Microsoft to add updates to Cortana twice a month

Microsoft’s Cortana is certainly a work in progress, even here in the US where it’s officially available. China and the UK are on the immediate horizon for rollouts, with other regions to follow soon. With all of that work ahead, it makes sense that the Cortana team will want to have a regular update schedule, and much like the Xbox Music app, it looks to be bi-monthly.

In an interview over at Engadget with the Cortana team, updates to the Cortana system will evidently happen twice a month with the possibility for off-cycle updates “for things that are timely, urgent or especially badass." The ability to update Cortana dynamically will ensure that her chitchat (small conversations pieces, voiced by Jen Taylor), will be current and relevant, reflecting any significant cultural happenings.

We’ve already reported on some updates to Cortana, including her voice becoming less robotic and even some new features (which were quickly pulled). That’s all possible since Cortana is a server-side system, allowing Microsoft to push out updates on their end. Pages viewed in Cortana are rendered in HTML5, giving Microsoft flexibility without OS updates on the phone themselves.

Microsoft is focusing on replacing the computer-generated voices with that of Jen Taylor’s (the original voice of ‘Cortana’ from the Halo series), but users should expect new features and the AI becoming more robust in the future. Combined with the heavy task of regionalization (China reportedly needs a voice that "sounded like it was smiling”), and Cortana has a chance of standing out from the pack of Siri and Google Now.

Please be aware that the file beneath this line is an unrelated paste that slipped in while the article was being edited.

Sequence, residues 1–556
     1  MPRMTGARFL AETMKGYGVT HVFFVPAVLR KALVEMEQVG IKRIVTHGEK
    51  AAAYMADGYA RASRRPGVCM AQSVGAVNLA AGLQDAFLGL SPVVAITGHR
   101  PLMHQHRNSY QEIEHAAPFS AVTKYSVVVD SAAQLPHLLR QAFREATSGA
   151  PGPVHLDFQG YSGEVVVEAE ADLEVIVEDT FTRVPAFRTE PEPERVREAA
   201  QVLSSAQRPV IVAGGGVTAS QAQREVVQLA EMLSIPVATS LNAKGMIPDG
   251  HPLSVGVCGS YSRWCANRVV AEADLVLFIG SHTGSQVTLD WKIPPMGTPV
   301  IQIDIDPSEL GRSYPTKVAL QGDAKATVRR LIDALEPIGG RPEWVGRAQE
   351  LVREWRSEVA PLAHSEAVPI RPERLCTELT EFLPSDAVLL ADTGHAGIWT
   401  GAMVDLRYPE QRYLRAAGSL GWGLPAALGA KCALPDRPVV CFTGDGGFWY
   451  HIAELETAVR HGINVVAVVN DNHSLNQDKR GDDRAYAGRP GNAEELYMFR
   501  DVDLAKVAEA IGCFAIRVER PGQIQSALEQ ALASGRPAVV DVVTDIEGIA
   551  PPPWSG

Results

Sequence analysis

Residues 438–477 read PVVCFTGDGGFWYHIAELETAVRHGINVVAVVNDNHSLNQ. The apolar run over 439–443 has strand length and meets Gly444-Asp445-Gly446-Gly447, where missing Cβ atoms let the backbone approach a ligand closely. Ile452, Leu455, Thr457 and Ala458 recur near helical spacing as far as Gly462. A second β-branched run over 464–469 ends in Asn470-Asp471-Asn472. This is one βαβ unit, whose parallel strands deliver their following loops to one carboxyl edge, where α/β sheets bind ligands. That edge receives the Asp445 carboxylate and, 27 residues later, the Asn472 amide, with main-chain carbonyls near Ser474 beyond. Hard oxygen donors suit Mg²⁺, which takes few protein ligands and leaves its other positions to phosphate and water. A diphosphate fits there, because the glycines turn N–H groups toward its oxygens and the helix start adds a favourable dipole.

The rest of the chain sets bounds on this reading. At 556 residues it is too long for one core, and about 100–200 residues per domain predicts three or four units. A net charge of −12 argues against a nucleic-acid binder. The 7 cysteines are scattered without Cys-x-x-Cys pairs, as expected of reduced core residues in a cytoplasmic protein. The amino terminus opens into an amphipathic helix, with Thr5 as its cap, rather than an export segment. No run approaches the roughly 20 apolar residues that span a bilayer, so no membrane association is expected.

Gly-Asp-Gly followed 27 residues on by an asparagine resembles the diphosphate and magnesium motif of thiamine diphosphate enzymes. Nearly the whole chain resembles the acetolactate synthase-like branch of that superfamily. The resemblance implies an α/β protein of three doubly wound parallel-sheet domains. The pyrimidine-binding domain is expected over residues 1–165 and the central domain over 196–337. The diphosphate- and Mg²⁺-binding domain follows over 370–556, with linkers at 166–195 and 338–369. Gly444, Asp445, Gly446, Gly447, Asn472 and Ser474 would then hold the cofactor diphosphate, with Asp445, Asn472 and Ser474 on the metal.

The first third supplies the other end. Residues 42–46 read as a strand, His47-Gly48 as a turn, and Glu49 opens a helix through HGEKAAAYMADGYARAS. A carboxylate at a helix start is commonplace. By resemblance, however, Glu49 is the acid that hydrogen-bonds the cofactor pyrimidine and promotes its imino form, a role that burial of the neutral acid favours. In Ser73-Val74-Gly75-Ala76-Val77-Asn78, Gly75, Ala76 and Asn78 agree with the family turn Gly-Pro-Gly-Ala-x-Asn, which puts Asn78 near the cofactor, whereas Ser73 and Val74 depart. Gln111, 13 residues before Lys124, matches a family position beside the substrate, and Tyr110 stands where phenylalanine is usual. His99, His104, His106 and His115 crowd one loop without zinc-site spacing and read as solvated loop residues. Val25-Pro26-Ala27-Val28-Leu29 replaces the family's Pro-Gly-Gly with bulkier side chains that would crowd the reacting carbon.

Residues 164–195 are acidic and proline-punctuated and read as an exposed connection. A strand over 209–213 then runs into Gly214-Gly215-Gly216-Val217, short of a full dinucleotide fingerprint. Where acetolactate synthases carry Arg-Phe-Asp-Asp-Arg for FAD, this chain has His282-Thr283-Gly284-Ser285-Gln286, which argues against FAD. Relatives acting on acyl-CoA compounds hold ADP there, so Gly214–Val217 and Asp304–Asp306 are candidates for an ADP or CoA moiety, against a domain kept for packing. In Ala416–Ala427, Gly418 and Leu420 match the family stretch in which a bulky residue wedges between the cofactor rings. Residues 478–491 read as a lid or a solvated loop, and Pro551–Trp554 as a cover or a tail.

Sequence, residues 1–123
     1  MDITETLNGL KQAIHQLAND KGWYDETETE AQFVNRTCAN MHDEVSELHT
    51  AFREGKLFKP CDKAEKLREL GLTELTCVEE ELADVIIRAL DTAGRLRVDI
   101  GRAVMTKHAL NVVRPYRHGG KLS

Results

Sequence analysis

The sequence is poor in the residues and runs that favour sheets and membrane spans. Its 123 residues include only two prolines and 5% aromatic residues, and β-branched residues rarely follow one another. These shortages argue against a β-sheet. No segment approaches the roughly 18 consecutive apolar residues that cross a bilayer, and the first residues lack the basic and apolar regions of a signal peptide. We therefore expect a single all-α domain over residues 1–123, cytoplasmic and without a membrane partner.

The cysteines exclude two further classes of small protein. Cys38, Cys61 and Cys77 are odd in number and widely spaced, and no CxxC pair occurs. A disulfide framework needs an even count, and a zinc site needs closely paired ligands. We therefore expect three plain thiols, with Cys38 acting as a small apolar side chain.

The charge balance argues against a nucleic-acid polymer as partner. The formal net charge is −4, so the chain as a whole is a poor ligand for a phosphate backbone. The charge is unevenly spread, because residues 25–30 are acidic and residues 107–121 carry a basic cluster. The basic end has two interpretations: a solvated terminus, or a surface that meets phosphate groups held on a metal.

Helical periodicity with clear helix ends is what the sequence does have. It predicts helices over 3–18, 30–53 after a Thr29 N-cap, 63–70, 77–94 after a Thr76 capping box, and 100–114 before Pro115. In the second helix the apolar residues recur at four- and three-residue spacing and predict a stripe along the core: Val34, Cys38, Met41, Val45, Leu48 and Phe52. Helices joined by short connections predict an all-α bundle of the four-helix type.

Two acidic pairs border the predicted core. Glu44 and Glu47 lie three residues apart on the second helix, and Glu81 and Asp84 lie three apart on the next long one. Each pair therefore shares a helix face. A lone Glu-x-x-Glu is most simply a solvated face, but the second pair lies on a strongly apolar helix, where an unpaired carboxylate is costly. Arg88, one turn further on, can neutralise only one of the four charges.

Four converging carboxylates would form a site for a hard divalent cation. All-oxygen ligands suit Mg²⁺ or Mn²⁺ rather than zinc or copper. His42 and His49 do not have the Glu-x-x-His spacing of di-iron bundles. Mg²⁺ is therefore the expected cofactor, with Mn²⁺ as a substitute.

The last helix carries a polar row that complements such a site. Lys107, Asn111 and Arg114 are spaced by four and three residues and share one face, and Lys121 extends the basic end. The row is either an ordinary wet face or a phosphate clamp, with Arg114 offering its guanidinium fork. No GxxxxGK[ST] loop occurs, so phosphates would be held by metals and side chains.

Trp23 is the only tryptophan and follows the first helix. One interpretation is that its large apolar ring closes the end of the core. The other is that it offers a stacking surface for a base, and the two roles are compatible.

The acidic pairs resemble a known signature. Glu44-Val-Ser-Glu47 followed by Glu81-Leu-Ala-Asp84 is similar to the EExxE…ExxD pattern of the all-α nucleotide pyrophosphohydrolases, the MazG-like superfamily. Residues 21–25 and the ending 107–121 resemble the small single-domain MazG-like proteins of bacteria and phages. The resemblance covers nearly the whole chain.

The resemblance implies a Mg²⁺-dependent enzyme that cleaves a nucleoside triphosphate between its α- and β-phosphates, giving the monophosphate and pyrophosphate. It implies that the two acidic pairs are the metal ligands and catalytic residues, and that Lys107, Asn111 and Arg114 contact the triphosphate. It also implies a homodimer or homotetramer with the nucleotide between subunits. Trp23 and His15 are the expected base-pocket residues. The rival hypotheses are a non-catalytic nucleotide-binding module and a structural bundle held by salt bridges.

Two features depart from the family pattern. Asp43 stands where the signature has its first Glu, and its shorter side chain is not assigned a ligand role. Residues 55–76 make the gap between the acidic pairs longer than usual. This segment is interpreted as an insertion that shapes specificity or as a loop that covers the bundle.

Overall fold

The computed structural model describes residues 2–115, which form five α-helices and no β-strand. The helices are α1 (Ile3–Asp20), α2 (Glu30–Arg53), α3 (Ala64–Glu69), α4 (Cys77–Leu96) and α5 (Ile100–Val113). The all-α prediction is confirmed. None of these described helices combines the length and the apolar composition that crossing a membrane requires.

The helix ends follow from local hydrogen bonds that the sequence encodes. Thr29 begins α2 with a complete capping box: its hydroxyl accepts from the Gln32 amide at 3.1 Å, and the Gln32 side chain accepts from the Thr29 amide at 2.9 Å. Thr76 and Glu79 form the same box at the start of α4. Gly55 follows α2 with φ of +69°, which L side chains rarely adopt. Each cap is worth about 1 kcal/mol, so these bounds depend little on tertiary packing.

Source: Engadget

Daniel Rubino

Daniel Rubino is the Editor-in-chief of Windows Central. He is also the head reviewer, podcast co-host, and analyst. He has been covering Microsoft since 2007, when this site was called WMExperts (and later Windows Phone Central). His interests include Windows, laptops, next-gen computing, and watches. He has been reviewing laptops since 2015 and is particularly fond of 2-in-1 convertibles, ARM processors, new form factors, and thin-and-light PCs. Before all this tech stuff, he worked on a Ph.D. in linguistics, watched people sleep (for medical purposes!), and ran the projectors at movie theaters because it was fun.